LC – How is being an artist nowadays?
SP – It is a full time job in a way that you have to work twice as much as a normal job to get noticed in the context where you develop your practice. You have to be able to travel, speak more languages and have some social skills to present yourself in public. It is a job that is definitely going to pay your bills, if you insist and resist.
LC – How do you feel when you see your work completed?
SP – Honestly my work as a time-based media artist (performance, photography, video and video installations) will never be completed. The physical end is going to be the sumatory of all my artworks, with some being more accepted and successful than others. I see my practice as a projectile sent into the future. Basically all the processes of doing my art affect my future projects as well. It would be interesting to know how my art will end up.
LC – What is the message linked to the artwork you have shown in this event? How is it connected to the theme of the entire exhibition?
SP – “Polymorph shell” has a double strategy. On one hand there is the beautiful artwork made by Benjamin Podoba that we develop into possible parts of his body attached to mine as glass costumes, giving the graphic idea of fragmented sculptures, filters of social media and body parts art scabs. On the other hand, it is about how to put two bodies together crossing the line of the homoerotic, going deeper into the level of classical myth (giants, animal-man and minotaur, for example) as well in a methaphysic level, like possessing the body of the other person, the ghost, the shell, to wear the body of other person and some other ideas from occultism, for example.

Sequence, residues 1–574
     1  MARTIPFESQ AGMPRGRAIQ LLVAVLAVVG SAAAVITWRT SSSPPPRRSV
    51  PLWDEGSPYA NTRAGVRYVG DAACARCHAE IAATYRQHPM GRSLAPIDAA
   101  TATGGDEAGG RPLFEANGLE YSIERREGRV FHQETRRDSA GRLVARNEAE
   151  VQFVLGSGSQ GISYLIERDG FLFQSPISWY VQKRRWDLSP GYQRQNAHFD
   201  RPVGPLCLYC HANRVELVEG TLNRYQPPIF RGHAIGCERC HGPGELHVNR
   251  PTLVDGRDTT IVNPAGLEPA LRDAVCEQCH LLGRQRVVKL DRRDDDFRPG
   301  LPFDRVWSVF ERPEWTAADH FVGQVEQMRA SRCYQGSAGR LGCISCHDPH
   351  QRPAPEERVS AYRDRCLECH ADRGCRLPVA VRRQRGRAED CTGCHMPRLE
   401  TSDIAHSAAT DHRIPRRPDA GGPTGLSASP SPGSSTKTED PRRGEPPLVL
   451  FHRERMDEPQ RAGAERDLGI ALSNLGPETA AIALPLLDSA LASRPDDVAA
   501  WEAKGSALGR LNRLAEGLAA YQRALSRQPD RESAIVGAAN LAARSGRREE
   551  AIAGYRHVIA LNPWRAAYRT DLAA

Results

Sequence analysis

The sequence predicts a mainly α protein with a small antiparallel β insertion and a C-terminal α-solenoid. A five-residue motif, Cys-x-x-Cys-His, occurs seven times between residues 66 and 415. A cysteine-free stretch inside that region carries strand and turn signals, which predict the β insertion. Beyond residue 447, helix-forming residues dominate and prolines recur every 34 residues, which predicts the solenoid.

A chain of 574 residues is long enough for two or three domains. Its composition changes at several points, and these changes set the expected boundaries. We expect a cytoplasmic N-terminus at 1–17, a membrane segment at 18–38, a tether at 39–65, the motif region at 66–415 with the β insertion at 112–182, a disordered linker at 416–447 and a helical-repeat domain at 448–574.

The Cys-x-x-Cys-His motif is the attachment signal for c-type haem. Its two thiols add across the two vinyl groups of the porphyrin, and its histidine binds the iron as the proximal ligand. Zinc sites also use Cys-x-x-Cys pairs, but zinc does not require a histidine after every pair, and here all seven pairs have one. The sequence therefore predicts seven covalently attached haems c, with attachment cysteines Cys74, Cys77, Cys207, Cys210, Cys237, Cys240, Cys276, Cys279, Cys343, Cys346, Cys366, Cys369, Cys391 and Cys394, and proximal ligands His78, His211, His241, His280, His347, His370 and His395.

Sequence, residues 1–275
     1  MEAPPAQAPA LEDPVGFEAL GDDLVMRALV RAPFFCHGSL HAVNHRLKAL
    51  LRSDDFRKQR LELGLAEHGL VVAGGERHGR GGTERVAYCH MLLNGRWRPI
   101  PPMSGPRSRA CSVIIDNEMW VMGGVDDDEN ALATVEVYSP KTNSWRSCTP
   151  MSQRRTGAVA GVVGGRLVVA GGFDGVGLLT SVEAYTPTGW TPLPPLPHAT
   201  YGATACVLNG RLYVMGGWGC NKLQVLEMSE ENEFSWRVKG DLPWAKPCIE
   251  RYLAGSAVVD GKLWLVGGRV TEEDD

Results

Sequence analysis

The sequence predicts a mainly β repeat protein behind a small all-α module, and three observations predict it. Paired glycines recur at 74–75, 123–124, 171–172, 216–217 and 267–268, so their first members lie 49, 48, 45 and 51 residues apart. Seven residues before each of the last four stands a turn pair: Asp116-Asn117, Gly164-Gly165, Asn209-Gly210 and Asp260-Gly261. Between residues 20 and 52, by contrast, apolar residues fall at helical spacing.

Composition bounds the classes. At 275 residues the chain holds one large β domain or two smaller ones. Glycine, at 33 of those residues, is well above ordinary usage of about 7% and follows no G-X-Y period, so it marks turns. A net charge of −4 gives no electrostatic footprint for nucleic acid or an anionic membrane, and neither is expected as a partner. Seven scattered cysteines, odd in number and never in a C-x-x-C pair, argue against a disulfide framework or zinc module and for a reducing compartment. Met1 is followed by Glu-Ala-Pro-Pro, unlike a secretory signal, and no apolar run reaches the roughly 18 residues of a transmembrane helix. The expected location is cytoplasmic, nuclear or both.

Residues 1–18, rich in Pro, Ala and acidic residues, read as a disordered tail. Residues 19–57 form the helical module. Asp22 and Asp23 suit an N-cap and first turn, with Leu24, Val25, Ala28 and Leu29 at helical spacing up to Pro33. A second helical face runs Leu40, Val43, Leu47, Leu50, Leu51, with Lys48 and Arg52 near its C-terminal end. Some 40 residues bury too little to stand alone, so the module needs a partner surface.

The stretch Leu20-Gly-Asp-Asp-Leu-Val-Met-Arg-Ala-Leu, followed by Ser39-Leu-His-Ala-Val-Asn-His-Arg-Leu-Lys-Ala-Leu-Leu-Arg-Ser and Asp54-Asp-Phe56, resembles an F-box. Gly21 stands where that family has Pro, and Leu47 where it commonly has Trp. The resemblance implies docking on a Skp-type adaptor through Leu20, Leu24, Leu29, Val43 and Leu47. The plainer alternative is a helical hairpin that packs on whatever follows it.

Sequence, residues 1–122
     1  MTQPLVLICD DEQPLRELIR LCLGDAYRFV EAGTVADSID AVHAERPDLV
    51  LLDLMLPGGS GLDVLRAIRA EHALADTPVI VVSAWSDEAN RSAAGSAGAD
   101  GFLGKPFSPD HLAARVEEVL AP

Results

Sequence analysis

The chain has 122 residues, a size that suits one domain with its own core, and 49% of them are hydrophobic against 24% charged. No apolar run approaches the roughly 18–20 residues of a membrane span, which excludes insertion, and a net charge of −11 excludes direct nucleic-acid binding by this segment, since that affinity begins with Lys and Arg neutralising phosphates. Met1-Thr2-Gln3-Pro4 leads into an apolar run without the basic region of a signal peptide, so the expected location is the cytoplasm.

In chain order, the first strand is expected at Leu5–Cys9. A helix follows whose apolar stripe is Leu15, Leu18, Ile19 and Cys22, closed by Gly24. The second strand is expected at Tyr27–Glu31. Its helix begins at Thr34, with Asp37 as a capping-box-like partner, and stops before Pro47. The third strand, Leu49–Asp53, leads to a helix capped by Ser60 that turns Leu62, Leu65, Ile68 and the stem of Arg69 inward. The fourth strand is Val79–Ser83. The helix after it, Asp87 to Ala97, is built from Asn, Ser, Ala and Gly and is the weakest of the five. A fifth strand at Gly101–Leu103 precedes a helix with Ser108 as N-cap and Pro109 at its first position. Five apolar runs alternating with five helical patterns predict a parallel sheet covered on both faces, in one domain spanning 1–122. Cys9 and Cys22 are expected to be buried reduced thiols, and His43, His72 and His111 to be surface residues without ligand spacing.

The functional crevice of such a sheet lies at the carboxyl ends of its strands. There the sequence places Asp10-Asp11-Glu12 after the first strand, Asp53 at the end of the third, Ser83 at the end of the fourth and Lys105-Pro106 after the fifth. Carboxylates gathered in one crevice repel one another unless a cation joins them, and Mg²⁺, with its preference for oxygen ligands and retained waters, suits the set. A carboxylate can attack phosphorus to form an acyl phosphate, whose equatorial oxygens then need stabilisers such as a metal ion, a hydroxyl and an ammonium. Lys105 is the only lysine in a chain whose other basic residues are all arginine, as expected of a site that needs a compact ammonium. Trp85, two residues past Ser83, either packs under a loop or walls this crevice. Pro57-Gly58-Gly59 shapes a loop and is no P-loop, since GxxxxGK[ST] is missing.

LC – What do you think about the concept of this exhibition? How did it inspire you?
SP – We got inspired by the mysticism and also the isolation we found in the special context of Murano. This is where Benjamin works at the moment and where we spent a lot of time figuring out and putting all these ideas together. Also Venice has a maze of small streets with some references we used like Sebastian from the filmmaker Derek Jarman, for example. Thanks to the production team, this exhibition offered us a venue to showcase the outcomes of our art collaboration.
LC – Do you think IT’S LIQUID GROUP can represent an opportunity for artists?
SP – ItsLiquid Group has built a big platform for artists from various media. It has grown very fast since I met the team and Luca Curci in 2017.
LC – Did you enjoy cooperating with us?
SP – Yes, I really enjoyed the cooperation, especially getting in touch with the amazing team of strong women, congrats.
LC – Would you suggest a collaboration with us?
SP – I would love to collaborate with you especially about the one idea we have talked about with the curator, making together a new big event for performances that could build a strong network between practitioners of performance art and the multicultural industry of arts.
LC – What do you think about our services?
SP – I really appreciate the difference you make between performance and the other media. For me it makes a lot of sense in terms of resources, context and live action effect. I truly believe you could use someone like me to help you to curate performance for upcoming events and possible new developments.